How green is LPG gas?
At first glance, natural gas and LPG may not appear green. Both are fossil fuels, and burning them adds to greenhouse gas emissions. However, natural gas and LPG only contribute to 8% of New Zealand's total greenhouse gas emissions, despite making up almost a quarter of the country’s primary energy needs.
How does gas stack up against its alternatives?
When it comes to heating your home, gas is one of the cleanest options you can choose. A heat pump may seem greener because it uses electricity and most of our electricity is generated from renewable hydro and wind sources. However, during winter those sources are supplemented from coal – and gas-fired sources – so winter electricity is only semi-green.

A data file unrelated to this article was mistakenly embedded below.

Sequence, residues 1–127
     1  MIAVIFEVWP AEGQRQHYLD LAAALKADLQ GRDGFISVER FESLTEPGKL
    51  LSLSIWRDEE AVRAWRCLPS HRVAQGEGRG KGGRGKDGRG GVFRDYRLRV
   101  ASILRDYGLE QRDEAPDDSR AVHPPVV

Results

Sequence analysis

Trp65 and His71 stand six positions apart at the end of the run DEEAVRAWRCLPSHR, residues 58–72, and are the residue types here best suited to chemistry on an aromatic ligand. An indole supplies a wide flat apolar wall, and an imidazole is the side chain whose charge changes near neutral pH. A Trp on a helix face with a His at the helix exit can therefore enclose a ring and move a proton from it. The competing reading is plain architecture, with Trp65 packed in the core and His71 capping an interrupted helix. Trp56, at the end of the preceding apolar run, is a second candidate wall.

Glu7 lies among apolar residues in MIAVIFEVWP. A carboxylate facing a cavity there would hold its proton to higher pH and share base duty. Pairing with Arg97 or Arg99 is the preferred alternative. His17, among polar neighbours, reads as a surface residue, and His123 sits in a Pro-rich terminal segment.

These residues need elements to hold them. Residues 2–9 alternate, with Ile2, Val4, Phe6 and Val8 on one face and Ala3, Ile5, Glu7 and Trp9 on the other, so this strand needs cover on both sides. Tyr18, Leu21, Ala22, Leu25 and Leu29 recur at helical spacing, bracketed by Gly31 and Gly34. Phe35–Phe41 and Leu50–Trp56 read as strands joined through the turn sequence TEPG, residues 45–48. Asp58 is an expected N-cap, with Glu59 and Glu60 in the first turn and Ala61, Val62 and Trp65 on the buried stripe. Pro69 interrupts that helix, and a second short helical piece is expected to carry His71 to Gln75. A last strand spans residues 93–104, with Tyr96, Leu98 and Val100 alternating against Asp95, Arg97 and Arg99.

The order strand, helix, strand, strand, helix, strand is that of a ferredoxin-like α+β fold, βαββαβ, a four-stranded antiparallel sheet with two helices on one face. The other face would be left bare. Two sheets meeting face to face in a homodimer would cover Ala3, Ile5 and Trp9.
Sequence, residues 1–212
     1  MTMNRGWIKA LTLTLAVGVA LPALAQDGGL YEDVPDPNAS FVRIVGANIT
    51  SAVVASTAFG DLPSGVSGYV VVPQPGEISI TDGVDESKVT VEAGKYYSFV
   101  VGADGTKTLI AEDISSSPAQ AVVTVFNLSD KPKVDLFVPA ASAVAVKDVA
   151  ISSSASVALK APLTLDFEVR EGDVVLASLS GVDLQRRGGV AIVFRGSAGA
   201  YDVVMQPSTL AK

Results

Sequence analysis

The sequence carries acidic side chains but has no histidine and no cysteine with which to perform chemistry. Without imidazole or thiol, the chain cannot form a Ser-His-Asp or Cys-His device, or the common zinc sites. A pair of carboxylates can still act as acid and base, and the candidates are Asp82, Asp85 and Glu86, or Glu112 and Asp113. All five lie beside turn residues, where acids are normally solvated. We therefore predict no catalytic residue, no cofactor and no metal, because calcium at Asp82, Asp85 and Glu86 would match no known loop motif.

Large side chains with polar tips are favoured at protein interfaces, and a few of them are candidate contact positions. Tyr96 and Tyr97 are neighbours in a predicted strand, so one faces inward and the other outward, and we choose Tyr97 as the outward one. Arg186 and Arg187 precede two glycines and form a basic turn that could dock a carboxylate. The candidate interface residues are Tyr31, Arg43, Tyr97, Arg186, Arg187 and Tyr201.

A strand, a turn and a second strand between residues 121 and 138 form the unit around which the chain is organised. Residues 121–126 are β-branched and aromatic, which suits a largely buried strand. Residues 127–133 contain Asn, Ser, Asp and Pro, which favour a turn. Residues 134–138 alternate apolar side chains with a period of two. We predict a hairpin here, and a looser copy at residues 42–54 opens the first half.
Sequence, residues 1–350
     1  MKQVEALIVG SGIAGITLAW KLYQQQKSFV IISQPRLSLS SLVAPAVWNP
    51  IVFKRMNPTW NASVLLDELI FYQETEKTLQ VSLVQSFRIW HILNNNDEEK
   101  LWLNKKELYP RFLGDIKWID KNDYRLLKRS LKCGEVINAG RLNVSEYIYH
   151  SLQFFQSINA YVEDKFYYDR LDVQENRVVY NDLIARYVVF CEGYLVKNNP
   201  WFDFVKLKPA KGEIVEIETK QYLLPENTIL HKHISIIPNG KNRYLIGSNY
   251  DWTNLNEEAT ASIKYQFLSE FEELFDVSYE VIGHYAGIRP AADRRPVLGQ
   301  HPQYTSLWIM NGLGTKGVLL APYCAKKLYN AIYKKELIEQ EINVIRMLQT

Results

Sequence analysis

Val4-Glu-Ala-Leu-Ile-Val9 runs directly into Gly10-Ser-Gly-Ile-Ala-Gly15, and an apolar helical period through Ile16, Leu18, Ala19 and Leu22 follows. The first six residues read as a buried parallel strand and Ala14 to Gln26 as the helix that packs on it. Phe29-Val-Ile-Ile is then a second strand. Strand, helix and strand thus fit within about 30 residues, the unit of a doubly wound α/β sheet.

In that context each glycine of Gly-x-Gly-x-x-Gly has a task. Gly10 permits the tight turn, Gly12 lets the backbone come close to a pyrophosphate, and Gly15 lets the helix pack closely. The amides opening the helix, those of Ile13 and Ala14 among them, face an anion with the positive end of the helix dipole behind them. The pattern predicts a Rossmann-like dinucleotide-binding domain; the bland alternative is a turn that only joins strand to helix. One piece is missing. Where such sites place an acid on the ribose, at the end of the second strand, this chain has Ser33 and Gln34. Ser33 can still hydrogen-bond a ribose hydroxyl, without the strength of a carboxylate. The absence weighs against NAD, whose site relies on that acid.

Wood is a renewable resource, but the big wood-burner problem is atmospheric pollution. Even the cleanest of modern wood-burners emit fine particles in their smoke, which can lodge in people’s lungs and cause respiratory problems. Wood burners also contribute to lower air quality in towns and even more rural areas. According to Land Air Water Aoetearoa (LAWA), Alexandra in particular has very poor air quality during winter months due to our unique cold and calm climate and pollution caused by wood burners.
Gas fires also emit greenhouse gases but are otherwise nearly pollution-free. When LPG is used instead of more polluting energy sources such as coal and oil, it helps improve air and water quality. So when you choose LPG for your home cooking, water and heating, you're reducing your family’s carbon footprint.
But isn’t electricity greener than gas?
Because of losses at the power plant and in power lines, electricity is only 30% efficient once delivered to you. In comparison, 90% of natural gas energy value is delivered directly to you and is one of the most efficient heating options today.